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Is Representation Enough to Solve Educational Disparities?

SPA Researchers Find Limited Positive Effect of Minority Teacher Representation in Communities with Racial Bias

Studies have long shown that students of color receive disparate treatment in U.S. public schools, causing many to lag in educational outcomes.

A new analysis by researchers at AU School of Public Affairs (SPA) shows that those gaps persist—despite efforts to diversify the teaching workforce––particularly in communities in which citizens hold widespread negative stereotypes about race.

SPA Assistant Professor Nathan Favero and Joohyung Park, SPA/PhD ’23, recently published these findings in “Race, Locality, and Representative Bureaucracy: Does Community Bias Matter?” in the Journal of Public Administration Research and Theory.

The researchers looked closely at student placement into gifted programs and suspension trends by racial group, along with the racial makeup of the teaching workforce and attitudes in the community. They created a cross-sectional data set, covering 11 states, with information from the 2015-16 Civil Rights Data Collection, results of surveys from 2003 to 2016 on explicit and implicit racial biases by Project Implicit Bias, and data from the U.S. Department of Education racial composition of teachers.

The analysis found that Black teacher representation is more likely to benefit Black students, yielding more gifted class assignments and fewer out-of-school suspensions, in communities with an overall low racial bias.

“In a highly biased community, the positive effect of minority teachers is limited because of the cultural impact and pressure from outside,” Park said.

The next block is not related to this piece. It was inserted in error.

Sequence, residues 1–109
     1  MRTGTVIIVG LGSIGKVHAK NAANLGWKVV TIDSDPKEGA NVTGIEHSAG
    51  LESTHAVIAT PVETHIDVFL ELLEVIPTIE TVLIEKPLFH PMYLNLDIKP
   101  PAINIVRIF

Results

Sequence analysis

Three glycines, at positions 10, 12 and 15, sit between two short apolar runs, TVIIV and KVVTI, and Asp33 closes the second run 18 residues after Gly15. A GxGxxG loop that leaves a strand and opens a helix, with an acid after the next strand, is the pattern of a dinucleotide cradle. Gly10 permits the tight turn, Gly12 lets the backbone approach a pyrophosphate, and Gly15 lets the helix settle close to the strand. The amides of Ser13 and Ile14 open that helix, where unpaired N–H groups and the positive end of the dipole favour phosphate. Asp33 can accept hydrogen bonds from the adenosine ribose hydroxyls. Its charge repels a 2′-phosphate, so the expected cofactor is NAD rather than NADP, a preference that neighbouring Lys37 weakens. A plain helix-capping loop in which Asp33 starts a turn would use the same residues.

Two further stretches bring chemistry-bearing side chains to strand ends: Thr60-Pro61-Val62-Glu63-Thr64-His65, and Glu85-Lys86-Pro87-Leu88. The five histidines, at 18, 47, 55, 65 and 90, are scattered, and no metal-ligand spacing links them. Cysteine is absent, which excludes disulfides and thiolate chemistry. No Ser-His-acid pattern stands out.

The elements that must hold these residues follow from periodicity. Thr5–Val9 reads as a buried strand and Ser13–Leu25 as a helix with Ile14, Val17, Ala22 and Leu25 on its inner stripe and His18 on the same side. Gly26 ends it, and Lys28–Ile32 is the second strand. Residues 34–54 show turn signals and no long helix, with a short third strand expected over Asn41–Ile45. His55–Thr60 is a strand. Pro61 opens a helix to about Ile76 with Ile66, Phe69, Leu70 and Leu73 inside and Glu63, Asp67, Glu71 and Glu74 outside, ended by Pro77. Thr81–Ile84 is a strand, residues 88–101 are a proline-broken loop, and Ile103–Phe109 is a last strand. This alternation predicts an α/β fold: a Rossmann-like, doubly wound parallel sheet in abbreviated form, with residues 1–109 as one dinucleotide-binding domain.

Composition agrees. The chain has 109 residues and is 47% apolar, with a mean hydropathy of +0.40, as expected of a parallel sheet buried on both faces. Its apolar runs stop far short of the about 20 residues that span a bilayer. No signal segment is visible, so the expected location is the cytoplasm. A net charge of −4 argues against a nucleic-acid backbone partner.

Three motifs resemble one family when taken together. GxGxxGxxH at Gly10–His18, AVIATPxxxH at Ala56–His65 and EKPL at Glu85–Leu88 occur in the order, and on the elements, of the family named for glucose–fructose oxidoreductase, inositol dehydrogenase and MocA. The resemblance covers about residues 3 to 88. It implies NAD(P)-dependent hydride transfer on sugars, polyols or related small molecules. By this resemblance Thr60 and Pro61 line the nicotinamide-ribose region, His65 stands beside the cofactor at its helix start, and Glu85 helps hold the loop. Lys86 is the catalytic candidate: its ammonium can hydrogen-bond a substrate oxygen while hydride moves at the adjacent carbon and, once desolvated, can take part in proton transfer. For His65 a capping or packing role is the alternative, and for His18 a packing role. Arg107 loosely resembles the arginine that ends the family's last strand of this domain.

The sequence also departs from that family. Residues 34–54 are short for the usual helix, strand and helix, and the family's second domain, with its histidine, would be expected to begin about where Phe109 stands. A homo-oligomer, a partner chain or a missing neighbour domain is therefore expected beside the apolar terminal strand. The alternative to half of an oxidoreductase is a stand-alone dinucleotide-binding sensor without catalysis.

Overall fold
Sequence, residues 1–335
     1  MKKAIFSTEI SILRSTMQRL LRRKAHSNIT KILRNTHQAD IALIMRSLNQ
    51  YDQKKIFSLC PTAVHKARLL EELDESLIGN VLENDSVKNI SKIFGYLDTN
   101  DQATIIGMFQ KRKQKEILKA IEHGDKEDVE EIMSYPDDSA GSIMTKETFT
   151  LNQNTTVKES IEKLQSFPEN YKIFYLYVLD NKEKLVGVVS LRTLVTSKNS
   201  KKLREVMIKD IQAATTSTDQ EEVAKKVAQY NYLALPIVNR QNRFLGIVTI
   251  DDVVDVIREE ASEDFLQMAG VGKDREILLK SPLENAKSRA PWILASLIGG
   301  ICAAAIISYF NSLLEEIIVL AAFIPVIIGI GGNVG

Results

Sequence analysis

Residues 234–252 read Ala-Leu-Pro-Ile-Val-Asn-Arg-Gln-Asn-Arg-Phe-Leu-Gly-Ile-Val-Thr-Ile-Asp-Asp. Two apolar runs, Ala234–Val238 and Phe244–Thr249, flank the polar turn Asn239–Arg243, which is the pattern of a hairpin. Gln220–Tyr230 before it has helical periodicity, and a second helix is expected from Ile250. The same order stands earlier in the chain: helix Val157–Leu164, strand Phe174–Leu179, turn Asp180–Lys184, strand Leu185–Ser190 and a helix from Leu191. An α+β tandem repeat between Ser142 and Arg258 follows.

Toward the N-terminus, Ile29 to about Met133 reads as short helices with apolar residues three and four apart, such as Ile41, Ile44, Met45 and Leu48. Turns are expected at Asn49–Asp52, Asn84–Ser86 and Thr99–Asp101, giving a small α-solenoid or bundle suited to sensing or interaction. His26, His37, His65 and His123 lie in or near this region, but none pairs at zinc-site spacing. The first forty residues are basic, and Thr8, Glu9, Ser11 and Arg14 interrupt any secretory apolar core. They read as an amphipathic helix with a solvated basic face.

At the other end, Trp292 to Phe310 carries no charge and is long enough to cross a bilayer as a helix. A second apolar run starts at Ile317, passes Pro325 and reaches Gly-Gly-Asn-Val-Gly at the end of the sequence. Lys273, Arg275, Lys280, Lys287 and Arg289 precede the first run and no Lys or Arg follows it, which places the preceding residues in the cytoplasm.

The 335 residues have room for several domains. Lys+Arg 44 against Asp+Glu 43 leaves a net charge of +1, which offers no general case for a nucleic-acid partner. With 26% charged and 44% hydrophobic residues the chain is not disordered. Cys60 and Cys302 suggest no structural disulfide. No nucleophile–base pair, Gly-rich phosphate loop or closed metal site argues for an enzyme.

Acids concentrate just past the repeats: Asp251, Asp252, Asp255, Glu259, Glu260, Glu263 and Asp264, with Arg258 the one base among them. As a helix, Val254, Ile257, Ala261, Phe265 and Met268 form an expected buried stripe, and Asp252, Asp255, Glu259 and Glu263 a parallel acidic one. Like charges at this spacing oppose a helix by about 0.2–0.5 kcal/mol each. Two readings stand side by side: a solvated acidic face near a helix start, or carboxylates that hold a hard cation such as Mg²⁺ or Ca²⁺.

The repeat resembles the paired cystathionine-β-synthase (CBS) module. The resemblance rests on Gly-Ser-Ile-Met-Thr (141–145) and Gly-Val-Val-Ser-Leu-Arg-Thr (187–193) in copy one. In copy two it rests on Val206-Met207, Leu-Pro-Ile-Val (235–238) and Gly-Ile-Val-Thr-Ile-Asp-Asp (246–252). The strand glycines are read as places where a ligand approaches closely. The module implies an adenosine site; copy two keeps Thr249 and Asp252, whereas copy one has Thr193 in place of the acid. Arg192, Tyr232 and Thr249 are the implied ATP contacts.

These results underscore the fact that race-based disparities in educational outcomes is not going away, said Favero. While work to improve representation in the classroom deserves credit, that alone, he added, is not enough to solve the problem.

“Having a Black teacher as a Black student doesn't necessarily mean the same thing everywhere,” Favero said. “We need to zoom out and think about what is happening in the community and pay more attention to social-cultural environment when assessing public systems.”

The paper does not address remedies, but Favero said the findings suggest a need for a national dialogue about race, a review of diversity training for effectiveness, and moving away from punitive systems in schools that results in uneven outcomes.

Park, in his first publication, valued the collaboration with Favero, who guided him from how to best frame the research question to how to respond to reviewers’ comments.

“[Favero] helped me with each step of the process. Now, I will feel confident next time,” said Park, who expects to complete his doctorate this year. His research interests include examining how public managers reconcile bureaucratic and democratic values in the policymaking and implementation process.